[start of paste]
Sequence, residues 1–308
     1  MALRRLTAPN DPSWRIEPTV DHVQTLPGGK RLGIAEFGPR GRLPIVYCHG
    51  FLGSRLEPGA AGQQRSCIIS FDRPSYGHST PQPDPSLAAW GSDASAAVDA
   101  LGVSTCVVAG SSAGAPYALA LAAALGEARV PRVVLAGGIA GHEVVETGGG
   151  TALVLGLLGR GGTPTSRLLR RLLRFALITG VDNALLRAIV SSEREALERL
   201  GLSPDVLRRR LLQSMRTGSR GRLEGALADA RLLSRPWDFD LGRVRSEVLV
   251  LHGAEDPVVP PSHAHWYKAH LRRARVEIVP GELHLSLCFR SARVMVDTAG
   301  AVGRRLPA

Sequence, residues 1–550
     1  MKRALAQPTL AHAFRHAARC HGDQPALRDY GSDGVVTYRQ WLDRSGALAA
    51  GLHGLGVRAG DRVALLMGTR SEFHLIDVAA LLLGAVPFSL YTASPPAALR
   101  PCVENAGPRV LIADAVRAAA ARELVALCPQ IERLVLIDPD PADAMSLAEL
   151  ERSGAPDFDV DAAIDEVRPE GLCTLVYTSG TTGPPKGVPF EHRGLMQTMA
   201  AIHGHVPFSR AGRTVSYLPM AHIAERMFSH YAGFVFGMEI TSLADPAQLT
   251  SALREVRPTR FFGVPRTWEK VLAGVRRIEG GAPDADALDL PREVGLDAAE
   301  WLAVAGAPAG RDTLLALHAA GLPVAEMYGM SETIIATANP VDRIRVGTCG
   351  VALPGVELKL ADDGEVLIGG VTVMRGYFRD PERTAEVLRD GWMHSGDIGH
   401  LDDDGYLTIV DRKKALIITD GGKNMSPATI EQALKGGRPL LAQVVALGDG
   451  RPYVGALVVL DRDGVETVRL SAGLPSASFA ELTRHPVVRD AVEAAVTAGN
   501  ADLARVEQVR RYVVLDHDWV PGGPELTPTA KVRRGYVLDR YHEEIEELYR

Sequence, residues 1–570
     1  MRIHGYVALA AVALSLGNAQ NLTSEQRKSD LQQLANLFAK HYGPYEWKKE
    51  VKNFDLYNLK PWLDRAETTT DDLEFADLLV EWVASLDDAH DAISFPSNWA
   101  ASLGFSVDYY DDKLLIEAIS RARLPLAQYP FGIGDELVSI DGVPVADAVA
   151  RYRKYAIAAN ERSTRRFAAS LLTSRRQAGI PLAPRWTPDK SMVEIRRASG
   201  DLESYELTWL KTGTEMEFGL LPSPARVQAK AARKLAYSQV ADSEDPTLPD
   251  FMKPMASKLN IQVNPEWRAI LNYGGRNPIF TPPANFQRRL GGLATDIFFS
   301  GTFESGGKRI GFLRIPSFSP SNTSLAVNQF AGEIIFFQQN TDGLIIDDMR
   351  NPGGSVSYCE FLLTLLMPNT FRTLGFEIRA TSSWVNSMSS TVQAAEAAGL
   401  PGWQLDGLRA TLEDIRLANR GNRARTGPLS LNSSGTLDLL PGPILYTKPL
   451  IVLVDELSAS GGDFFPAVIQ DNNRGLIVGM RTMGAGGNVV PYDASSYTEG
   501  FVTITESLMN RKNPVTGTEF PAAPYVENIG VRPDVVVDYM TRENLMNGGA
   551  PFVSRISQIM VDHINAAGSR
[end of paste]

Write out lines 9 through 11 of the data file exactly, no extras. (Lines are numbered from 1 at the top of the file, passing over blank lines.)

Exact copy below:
Sequence, residues 1–550
     1  MKRALAQPTL AHAFRHAARC HGDQPALRDY GSDGVVTYRQ WLDRSGALAA
    51  GLHGLGVRAG DRVALLMGTR SEFHLIDVAA LLLGAVPFSL YTASPPAALR